This article is written by Anna Johansson.
East of Beacon Hill lays the neighborhood of Rainier Valley. This neighborhood of 40,791 has been getting a lot of attention because the Census Bureau proclaimed it the most diverse neighborhood in the country in 2010. This claim was made because only a quarter of Rainier Valley's population is white, while the rest of the neighborhood is made up of Hispanic, African-American, and Asian residents for the most part. The Somali population is also growing very quickly in the area, according to the Census Bureau.
Why Is Rainier Valley So Diverse?
Populations of any area are rarely static and unchanging and the same can be said for Rainier Valley. In the 1940, 97% of the neighborhood's population was white and twenty years later in 1960, roughly 85% of the area was still white, with the biggest population increase having been in the area's Asian community. However, the 1960s were a time in which various factors contributed to a large shift in the area's diversity.
In 1965 the government passed an Immigration and Nationality Act that altered the way that hopeful immigrants were classified when attempting to gain entrance into the country. Instead of being approved or denied based on how desirable an immigrant's country of origin was (which was heavily biased towards white Europeans), immigrants were to be judged on the basis of their skills and relationships to current American citizens. This change in policy led to a significant rise in the amount of immigrants coming into the Seattle area, with a particularly large increase in the number of immigrants coming to the city from Asian countries.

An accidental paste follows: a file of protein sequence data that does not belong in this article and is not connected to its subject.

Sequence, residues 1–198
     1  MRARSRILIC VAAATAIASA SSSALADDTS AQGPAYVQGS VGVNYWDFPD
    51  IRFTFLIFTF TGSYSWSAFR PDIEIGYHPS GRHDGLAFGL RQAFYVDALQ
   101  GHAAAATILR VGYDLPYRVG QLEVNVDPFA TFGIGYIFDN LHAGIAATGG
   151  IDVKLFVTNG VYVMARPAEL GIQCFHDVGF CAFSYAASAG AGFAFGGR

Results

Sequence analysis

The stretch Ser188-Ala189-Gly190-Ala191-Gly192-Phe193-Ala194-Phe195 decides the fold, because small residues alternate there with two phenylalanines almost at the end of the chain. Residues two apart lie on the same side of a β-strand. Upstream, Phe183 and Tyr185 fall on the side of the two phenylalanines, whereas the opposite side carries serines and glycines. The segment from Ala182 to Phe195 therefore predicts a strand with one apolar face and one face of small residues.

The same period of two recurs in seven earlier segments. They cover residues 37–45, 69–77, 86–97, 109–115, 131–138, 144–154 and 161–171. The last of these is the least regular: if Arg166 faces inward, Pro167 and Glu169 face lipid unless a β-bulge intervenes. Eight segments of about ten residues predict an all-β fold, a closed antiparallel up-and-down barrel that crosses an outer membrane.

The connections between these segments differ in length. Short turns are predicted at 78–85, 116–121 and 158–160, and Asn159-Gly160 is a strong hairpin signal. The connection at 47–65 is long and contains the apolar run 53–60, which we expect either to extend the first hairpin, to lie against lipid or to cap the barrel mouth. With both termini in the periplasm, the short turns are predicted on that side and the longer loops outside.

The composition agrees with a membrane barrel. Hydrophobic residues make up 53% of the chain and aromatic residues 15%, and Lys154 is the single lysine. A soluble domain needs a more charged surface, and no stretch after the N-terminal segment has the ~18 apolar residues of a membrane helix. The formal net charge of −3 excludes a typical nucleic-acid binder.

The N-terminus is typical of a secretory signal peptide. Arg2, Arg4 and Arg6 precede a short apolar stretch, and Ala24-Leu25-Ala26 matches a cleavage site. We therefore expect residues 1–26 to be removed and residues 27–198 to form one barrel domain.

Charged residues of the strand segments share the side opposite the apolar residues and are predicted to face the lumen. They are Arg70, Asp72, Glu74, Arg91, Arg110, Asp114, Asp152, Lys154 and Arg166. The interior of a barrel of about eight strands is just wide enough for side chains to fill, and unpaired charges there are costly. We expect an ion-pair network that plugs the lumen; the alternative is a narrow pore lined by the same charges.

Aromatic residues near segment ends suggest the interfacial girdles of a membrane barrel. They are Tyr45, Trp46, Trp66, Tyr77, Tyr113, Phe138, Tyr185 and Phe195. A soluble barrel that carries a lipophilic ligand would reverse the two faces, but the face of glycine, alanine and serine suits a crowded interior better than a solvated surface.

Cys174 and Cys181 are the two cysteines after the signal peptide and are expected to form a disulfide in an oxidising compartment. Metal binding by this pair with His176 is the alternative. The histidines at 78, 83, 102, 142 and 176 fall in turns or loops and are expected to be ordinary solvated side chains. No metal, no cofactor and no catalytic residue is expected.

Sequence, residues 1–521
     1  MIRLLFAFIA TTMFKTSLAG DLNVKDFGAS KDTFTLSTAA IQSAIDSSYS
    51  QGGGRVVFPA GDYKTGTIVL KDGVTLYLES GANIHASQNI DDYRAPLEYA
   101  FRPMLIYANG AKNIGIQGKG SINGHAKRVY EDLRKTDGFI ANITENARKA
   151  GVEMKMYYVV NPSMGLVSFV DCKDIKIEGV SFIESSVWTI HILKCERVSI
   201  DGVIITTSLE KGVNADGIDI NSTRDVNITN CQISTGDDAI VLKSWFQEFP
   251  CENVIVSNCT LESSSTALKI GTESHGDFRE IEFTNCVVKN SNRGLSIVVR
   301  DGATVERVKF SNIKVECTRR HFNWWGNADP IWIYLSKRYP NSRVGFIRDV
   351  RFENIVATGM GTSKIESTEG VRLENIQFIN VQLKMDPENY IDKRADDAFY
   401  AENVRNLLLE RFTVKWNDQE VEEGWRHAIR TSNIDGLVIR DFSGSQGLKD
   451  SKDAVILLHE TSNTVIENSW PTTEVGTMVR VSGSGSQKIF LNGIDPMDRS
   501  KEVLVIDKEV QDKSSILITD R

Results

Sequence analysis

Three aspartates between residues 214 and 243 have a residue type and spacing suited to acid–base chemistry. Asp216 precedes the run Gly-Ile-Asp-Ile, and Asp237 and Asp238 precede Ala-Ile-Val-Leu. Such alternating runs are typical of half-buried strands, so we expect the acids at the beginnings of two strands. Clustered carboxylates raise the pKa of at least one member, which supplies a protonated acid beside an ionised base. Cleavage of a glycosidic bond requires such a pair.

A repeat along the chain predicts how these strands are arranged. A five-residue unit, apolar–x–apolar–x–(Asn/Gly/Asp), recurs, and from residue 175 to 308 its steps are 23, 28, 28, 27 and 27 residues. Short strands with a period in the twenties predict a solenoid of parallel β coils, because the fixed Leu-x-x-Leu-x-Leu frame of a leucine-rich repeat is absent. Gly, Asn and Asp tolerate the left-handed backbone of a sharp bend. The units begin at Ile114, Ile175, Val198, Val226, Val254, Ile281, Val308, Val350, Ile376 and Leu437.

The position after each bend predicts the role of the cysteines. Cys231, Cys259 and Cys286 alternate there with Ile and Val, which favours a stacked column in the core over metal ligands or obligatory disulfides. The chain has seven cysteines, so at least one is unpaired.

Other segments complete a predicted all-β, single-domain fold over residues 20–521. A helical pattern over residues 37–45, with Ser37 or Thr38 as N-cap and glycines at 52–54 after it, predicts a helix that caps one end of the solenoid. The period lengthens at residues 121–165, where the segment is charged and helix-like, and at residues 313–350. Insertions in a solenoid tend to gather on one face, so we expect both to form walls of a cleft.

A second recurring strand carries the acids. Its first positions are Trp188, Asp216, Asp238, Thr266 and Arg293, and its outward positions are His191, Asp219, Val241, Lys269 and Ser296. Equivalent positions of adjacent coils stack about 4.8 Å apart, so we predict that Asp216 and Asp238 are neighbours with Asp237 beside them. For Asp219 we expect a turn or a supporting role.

The closure of many low-income properties in the more central areas of Seattle, a part of 'urban renewal' schemes, one of the most famous of which was coined in 1993 by Mayor Norm Rice, also led to many minorities choosing to move to the Rainier Valley area. Additionally, the Somali civil that began in 1991 augmented the interurban migration and created a large Somali diaspora.
A Unique Type Of Balance
Though the diversity of the Rainier Valley area may seem like its most notable trait, there are other factors that also contribute to making the climate of the area different from that of the average neighborhood in the nation. These factors make the neighborhood appear to be much more egalitarian (at least on a statistical level) than other areas in the country appear to be. Some may assert that this is due to the diversity of the area, while others may argue that these anomalies are just a result of the area's unique history and resulting fulgurations in its population.
For example, the area's white and black populations have the same average income instead of the disparity seen in national averages. Also, the area's racial population is evenly distributed on most blocks instead of having pockets with high concentrations of each population in different areas, as is the case in many diverse areas. Though there are some instances of the aforementioned pocketing, they are the exception rather than the rule.
Is Rainier Valley Special?
Despite the claim made by the Census Bureau, it is important to note that there is some dispute over whether or not Rainier Valley can be considered the most diverse neighborhood in the country. Other areas may have close or similar rates of diversity and some statisticians do not agree with the Census Bureau's methodology that led to the 'most diverse' conclusion. Many, like John Hoole who authored the diversity myth study are quick to point out that, though very diverse, the neighborhood has clearly divided populations densely cluster in the same few block area.
However, even if Rainier Valley isn't the 'most' diverse place in the nation, it is certainly a very diverse one with many factors that make it a unique location on the national landscape.